So by the time Jesus arrives, the hope of salvation is described in a number of ways: Messiah, Son of God, Son of Man, righteous branch (of the Jesse tree) and so on. And it follows that Jesus fits the part. When Jesus says to the twelve “but who do you say that I am?” we get Peter’s response: “You are the Messiah, the son of the living God.”

Which brings us back to our passage. When asked if he is the messiah, he says “I told you that, but you didn’t believe me”—
and then he does two things. First, he reminds them that everything he has been doing should be proof enough that he comes from God, and second, he talks about sheep. I’m going to talk about sheep in a moment, but I want to underline here that the language of messiah is less important to Jesus than it might seem. Titles have a role to play in the story, but Jesus wants to people to see God at work through him and he wants to discuss sheep.

First, one final word on messiah. You may have noticed that within the mainline church we tend to use the word ‘messiah’ less than in other traditions. And the reason is simple: for our Jewish brothers and sisters, Messiah has yet to come. In many ways, it is a conflict that troubles the heart of both religions. Either we are mistake or they are mistaken. And this is so deeply dissatisfying that liberal Christians (and reform Jews) tend to say we’re both mistaken: we say that Jesus was not the Jewish messiah after all, and Reform Jews focus on a messianic age rather than an individual figure.* As compromises go, it’s a good one.

So we’ve looked at the messiah question, so what about sheep? Listen again to part of our passage, and I think we’re hearing the language of relationship: “My sheep listen to my voice; I know them, and they follow one will snatch them out of my hand...nor can anyone can snatch them out of my Father’s hand. I am one with the Father.”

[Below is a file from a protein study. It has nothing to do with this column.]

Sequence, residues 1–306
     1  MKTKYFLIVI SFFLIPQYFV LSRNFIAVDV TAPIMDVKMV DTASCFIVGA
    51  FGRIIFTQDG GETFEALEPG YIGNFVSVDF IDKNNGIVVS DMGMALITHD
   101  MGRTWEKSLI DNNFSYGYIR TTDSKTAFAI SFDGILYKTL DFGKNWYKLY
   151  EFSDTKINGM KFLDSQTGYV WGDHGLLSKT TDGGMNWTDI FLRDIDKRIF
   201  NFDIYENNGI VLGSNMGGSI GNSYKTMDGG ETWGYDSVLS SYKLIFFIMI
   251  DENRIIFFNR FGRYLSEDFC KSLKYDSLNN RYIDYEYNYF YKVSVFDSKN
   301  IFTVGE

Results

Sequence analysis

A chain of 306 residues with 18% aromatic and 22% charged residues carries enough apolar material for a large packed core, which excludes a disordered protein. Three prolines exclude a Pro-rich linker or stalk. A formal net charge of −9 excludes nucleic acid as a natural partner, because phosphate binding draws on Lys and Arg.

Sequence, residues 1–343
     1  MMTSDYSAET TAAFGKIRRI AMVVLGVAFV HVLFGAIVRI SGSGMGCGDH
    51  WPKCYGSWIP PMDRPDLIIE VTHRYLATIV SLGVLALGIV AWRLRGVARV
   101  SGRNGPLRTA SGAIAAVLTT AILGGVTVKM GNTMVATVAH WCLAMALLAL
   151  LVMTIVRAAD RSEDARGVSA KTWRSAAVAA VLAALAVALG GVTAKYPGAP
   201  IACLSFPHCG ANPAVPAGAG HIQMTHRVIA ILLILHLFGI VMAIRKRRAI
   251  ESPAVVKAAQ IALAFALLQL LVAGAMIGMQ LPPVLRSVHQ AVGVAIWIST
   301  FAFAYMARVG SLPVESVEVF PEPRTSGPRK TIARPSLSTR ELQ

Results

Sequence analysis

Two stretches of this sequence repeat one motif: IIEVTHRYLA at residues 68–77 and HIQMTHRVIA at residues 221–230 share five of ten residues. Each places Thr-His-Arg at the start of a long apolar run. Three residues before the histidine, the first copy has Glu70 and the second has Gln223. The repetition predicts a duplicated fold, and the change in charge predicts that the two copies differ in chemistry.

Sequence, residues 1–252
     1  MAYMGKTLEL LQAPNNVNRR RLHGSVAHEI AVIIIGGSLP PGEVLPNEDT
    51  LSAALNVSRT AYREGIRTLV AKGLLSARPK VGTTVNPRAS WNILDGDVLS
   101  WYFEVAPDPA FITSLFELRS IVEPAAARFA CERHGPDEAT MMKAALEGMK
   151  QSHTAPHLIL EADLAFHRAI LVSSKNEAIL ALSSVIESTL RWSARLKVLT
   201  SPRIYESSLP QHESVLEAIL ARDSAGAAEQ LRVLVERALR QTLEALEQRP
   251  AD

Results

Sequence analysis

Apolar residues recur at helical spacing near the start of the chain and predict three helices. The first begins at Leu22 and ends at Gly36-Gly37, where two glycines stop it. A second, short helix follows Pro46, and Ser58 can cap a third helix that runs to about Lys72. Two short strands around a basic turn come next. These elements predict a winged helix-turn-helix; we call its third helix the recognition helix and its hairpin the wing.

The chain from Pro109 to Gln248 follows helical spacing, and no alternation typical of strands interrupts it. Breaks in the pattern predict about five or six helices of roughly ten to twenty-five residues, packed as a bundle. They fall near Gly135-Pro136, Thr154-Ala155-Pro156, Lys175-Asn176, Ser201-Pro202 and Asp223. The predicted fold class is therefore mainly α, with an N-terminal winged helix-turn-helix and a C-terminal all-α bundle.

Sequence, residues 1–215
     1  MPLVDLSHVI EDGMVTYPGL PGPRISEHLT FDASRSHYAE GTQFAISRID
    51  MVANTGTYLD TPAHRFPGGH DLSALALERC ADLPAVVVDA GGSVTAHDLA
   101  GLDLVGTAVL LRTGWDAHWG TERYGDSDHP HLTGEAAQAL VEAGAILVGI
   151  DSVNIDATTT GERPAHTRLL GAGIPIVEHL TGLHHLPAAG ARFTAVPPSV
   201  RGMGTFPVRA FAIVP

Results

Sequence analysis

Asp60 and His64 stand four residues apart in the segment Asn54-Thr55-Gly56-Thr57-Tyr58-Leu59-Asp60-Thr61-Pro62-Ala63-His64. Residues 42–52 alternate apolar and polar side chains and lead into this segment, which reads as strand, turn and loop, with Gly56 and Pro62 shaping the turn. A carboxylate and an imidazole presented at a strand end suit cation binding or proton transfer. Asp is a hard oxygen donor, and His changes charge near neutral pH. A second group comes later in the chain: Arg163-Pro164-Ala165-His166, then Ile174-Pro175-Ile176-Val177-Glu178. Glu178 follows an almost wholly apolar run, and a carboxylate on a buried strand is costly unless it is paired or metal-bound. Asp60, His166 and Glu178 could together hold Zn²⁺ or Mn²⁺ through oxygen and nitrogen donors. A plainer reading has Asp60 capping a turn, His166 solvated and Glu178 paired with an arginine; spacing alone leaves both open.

This is the Good Shepherd, tirelessly searching for the lost sheep, speaking that we might recognize his voice, and related to the Most High because Jesus and the Father are one. In other words, a relationship. The religious critics were busy trying to trip Jesus up with questions of messiahship and such, but Jesus just wanted to talk about the things God was doing, and the relationship God-in-Jesus wants to have with each and every one of us.

So we’re still trying to get from Mueller to Mother’s Day, and of course we have to talk about Confirmation too, since Olivia and Jenna are equally confused about how all this fits together. Truth is, we already have the answer: Jesus wants to talk about the things that God is already doing, like moving young hearts to join the church, and he wants to talk about relationship, like the lifelong relationship with the Christian church that begins (and continues) today.

Olivia and Jenna, you have made a profession of faith and helped us remember our own promises, but the real action today is relationship—joined to this fellowship and the Good Shepherd who makes us one. We hear his voice speaking through others, we know him through the good work of others, and we follow—together—never walking alone.

So one final piece in this puzzle: Mother’s Day. But before I share perhaps my favourite scholarly quote, I want to caution you on the misuse of scripture. It is a grave error to suggest that God would lift up a reprehensible person to further a narrow and intolerant agenda. And our role as believers is to vehemently make the counter-argument: that we serve a God of love and mercy, who lifts up the vulnerable, and seeks a just sharing of all the world’s resources. God works from below, through relationship, and by placing us in the midst of human need.

So here is the quote from Rosemary Radford Ruether, let’s call it a Mother’s Day card from the Bible:

In the story of the Exodus we find that the first acts of rebellion against Pharaoh are those of women. The mother of Moses refuses to obey the decree to kill her newborn son and hides him in the bulrushes. The sister of Moses seizes the opportunity to save him by presenting him to the daughter of Pharaoh who comes to the river to bathe. Pharaoh’s daughter also disobeys by accepting the Hebrew child and bringing him up as her own. Thus a conspiracy of women takes place across class and ethnic lines to save the child who will be the liberator of Israel. (Women-Church, p. 43-44)

May the things that God is doing in our midst be never more plain than today, and may you remain bound, one to another, in sacred relationship, now and always, Amen.